A further note on methodology and our data: Unfortunately, not every address always resolves, which means that some domains on the list didn’t supply any information, and occasionally the scanner was unable to establish a TLS connection. The possible causes for that lack of connection include server timeouts, unavailability of HTTPS, or temporary DNS resolution. When Cryptonice targets a domain, it follows redirects as best it can to obtain the HTTPS configuration a user would receive if they visited that same site with a web browser. For example, targeting microsoft.com will take Cryptonice to www.microsoft.com/en-gb. As a result of various connection issues, despite an initial list of 1 million domains, the final number of sites that provided information about TLS configurations was consistently around 754,000 per scan. Figures in this report that present percentages of totals represent proportions of this 754,000 total unless otherwise specified. Broadly speaking, we were able to collect information from roughly 82 to 87% of the top 100,000 sites. Beyond the top 100,000 sites, around 75% of servers responded.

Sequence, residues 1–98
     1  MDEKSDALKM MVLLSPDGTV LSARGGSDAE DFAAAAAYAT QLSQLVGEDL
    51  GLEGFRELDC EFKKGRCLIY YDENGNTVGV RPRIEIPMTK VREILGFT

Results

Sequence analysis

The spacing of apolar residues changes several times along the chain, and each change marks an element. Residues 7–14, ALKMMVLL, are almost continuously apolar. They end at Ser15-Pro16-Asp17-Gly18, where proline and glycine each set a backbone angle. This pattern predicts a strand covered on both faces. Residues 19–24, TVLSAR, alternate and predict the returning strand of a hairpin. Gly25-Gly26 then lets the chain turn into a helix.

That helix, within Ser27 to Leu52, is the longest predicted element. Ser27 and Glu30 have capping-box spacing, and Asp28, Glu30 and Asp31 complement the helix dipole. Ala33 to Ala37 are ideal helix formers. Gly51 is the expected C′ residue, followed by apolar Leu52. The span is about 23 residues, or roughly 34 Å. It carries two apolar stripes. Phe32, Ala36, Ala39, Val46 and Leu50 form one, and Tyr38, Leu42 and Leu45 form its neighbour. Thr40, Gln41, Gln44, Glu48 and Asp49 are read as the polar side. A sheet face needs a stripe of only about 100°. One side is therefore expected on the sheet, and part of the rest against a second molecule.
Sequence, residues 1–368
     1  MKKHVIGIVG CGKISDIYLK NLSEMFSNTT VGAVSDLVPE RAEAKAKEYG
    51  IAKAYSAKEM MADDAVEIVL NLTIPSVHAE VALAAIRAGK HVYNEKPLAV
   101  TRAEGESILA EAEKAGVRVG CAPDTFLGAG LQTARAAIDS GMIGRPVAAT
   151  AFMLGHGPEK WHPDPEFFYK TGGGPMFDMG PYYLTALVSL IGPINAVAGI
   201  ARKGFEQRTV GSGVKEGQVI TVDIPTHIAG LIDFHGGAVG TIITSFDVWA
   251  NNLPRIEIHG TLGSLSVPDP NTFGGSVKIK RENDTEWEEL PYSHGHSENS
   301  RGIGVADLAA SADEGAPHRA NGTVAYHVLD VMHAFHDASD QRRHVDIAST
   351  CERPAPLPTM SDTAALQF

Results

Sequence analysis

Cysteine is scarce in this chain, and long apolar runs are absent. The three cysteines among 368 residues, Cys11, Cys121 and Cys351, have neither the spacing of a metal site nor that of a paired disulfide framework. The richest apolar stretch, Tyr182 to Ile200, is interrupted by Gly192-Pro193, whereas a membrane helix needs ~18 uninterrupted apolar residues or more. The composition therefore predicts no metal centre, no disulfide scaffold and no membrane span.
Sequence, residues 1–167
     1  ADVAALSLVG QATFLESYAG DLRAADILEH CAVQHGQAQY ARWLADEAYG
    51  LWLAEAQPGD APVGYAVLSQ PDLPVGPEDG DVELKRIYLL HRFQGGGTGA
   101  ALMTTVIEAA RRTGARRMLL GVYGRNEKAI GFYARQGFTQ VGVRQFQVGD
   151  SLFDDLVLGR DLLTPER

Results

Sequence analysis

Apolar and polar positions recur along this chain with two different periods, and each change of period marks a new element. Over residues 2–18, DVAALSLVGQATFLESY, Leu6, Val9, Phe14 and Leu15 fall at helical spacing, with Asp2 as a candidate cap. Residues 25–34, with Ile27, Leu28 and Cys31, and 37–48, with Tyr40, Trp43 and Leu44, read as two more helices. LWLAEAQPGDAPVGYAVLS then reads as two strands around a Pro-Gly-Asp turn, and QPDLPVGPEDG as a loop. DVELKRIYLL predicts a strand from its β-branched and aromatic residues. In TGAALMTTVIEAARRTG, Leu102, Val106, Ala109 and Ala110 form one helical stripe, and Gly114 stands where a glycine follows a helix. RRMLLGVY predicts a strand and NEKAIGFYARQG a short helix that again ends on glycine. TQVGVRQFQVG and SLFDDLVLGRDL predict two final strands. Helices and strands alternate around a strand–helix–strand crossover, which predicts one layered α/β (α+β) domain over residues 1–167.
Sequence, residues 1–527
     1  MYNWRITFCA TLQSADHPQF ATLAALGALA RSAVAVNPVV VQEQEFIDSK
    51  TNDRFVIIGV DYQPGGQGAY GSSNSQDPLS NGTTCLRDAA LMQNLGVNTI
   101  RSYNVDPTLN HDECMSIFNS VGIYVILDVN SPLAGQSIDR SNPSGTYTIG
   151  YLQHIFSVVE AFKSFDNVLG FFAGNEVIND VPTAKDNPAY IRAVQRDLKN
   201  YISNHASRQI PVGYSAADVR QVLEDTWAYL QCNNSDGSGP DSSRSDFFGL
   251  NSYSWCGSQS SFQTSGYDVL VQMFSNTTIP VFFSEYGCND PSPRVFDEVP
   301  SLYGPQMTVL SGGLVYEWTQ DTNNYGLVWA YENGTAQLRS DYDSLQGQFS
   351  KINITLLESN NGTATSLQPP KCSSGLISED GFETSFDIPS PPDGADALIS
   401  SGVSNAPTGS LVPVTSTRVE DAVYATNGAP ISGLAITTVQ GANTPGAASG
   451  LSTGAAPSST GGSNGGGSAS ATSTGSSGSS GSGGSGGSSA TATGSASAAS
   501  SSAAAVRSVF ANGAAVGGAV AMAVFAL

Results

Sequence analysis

You’re supposed to start with a compliment, right? Let’s start with the good news revealed by our research. There’s plenty to discuss, from the evolution away from old protocols to more secure certificate management.
The very good news is that for the first time, TLS 1.3 is the chosen encryption protocol for the majority of web servers among the top million (Figure 2). While TLS 1.3 has been gradually growing in prevalence, two years ago only 32% of servers defaulted to TLS 1.3, and it only climbed to the number one spot in May 2021. The protocol has seen big jumps in popularity following its adoption by large hosting and CDN providers such as Amazon Cloudfront. Almost 63% of servers prefer TLS 1.3 to other protocols as of August 2021.
Of those sites supporting TLS 1.3, the proportion using the “early data” capability—which allows the server to save time by proactively pushing data to the client—grew from 8.4% in 2019 to 9.2% in 2021.4